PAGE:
. . . Just as the Gospel alone rules in our hearts, so Gospel methods, or evangelical methods, should alone be used in our church activities. These methods use the power of faith and love alone, and no outward force. Hence these methods have the mark of Gospel freedom about them. The church member does what he does, of free will, gladly, gratefully, as a privilege. That is the evangelical method? The evangelical Christian goes to church from love of Christ, His Word, and worship. Only where the Lord sees this in the heart is He pleased? No mere outward performance satisfies the Lord, least of all doing what the Lord has nowhere Himself commanded. And worst of all, to try to buy His favor is to insult His blessed grace, through which alone His savings gifts can be made ours.

Legalistic methods look especially promising when it comes to getting money for the church. Why not impose a tax on the members, say a flat tax of so much per head, or a tax according to the property of the members? Would not that insure the sum desired far beyond the evangelical method of voluntary Christian giving? The trouble is, that though the money itself might be secured in such a legalistic way, the Lord has no use for it. The only money He will accept must come as a true offering made unto Him by willing hearts in faith and love. Such offerings can be gathered only by using evangelical methods, never by working legalistic ones.

Wrong methods always tend to corrupt right principles, and thus hinder the blessings we ought to receive. Right methods support true principles, help to show how beneficial they are, and thus win the approval and blessing of the Lord.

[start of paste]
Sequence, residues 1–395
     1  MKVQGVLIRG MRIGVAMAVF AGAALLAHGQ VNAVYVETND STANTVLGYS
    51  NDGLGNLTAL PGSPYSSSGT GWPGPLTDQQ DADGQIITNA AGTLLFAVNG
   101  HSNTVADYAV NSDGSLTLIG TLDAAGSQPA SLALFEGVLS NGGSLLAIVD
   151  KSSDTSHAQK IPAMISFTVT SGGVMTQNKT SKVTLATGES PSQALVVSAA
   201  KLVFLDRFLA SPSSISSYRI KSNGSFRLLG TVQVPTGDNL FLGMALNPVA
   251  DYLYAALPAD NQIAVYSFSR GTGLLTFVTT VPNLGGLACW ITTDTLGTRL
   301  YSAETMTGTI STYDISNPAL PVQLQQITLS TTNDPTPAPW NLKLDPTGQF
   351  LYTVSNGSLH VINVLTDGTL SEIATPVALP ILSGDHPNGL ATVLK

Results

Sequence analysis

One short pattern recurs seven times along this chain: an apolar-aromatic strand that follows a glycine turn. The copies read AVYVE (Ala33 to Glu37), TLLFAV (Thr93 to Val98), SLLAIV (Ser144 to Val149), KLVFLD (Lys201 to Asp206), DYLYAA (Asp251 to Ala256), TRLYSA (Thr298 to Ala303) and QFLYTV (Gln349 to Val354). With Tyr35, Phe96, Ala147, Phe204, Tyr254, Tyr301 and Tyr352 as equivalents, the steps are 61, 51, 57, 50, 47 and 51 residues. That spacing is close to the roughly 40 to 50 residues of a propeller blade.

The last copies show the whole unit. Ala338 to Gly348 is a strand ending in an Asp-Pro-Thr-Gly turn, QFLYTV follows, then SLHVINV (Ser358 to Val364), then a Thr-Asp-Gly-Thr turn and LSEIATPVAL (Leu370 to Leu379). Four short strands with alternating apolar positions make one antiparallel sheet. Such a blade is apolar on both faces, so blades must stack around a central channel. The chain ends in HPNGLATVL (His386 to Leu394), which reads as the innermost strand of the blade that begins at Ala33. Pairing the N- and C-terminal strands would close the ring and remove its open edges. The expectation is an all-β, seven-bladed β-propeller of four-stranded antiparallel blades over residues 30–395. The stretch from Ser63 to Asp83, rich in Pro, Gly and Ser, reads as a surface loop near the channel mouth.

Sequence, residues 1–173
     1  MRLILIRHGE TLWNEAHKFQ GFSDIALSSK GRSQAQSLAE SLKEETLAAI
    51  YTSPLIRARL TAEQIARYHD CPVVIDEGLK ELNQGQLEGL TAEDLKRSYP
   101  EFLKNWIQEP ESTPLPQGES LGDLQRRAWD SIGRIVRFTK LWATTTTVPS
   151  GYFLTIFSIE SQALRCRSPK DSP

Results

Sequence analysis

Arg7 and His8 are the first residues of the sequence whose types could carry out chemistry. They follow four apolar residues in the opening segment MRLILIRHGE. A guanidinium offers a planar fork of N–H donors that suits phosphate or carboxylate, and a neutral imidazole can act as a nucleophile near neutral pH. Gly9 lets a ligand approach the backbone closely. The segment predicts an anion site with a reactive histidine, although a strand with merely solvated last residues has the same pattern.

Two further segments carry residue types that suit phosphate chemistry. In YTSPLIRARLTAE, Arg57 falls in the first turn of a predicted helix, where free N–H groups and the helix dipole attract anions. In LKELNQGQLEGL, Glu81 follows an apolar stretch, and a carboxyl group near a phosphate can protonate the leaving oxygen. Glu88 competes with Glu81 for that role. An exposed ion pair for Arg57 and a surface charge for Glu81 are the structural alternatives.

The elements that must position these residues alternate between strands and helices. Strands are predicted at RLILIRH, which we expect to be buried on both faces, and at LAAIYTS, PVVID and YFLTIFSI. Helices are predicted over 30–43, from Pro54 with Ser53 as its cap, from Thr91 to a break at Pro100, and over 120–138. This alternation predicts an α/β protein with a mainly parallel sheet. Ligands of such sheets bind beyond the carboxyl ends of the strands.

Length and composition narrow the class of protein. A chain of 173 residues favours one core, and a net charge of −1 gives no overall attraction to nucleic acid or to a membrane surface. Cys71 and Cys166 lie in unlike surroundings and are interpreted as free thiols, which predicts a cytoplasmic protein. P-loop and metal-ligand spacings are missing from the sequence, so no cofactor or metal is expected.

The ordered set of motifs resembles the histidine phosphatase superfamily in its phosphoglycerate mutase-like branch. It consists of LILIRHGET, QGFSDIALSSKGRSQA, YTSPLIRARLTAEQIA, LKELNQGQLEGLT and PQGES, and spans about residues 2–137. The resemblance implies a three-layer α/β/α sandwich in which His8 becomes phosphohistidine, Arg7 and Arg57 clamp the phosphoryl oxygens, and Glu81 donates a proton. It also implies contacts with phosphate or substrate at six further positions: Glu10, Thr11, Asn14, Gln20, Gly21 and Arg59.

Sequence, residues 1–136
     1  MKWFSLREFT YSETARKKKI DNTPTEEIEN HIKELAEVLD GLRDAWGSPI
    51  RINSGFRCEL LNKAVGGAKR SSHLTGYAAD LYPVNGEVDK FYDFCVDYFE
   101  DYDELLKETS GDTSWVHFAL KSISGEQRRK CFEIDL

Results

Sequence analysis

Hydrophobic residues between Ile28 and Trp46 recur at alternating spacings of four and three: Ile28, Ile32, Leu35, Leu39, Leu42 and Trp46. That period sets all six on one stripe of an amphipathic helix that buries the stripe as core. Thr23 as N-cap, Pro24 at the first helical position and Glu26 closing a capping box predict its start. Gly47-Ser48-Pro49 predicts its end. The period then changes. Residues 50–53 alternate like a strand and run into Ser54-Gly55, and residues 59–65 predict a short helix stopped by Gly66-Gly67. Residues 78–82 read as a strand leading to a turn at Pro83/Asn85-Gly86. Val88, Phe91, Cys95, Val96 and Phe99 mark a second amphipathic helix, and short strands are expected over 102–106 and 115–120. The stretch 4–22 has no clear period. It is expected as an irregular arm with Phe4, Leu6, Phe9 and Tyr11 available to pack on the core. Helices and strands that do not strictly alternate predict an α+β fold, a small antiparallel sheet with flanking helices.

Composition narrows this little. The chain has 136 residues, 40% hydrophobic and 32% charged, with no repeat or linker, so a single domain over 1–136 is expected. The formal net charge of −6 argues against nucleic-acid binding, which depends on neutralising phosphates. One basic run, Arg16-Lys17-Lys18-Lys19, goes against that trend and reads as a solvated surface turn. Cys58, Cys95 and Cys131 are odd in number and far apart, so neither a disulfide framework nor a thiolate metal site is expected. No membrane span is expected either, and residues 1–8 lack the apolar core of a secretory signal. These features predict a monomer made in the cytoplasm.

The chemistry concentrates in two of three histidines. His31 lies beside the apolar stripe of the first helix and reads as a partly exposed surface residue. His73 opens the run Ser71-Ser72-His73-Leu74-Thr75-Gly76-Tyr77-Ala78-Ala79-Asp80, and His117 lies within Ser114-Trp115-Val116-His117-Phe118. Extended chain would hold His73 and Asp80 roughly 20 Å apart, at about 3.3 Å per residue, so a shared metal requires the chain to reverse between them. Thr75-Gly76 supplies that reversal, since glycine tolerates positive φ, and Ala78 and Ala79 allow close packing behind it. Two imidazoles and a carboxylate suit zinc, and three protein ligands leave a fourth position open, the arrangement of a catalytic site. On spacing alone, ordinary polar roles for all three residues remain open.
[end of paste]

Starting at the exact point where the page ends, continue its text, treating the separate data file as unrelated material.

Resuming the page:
John MacArthur, Jr.

Commentary on Book of Romans^^nbsp^^9-16 (p. 233):

. . . Christians are not under obligation to give a specified amount to the work of their heavenly Father. In none of their forms do the tithe or other Old Testament levies apply to Christians.

Thoughts On Tithing (excerpt from sermon preached at Grace Community Church in Panorama City, CA):

Tithing, basically, is never, ever advocated in the New Testament; it is never taught in the New Testament - never!

Bruce Metzger

Oxford Companion to the Bible (p. 223):

The New Testament nowhere explicitly requires tithing to maintain a ministry or a place of assembly.

Tyler Ramey

Tithing Today: God's Plan or Designs of Man:

As far as the earliest early Church is concerned, neither the Apostles nor their disciples (the early Church Fathers) taught that tithing was a Christian obligation.

Prior to tithing gradually becoming a mainstay in some corners of the early Church, "there was no support of the clergy by a systematic giving of a tithe." In time (several centuries after the Cross), "the tithe came to be regarded generally after the pattern in the Jewish synagogue." Up to this time, tithing was simply a suggestion that apparently generated more and more support as the power of bishops and presbyters grew.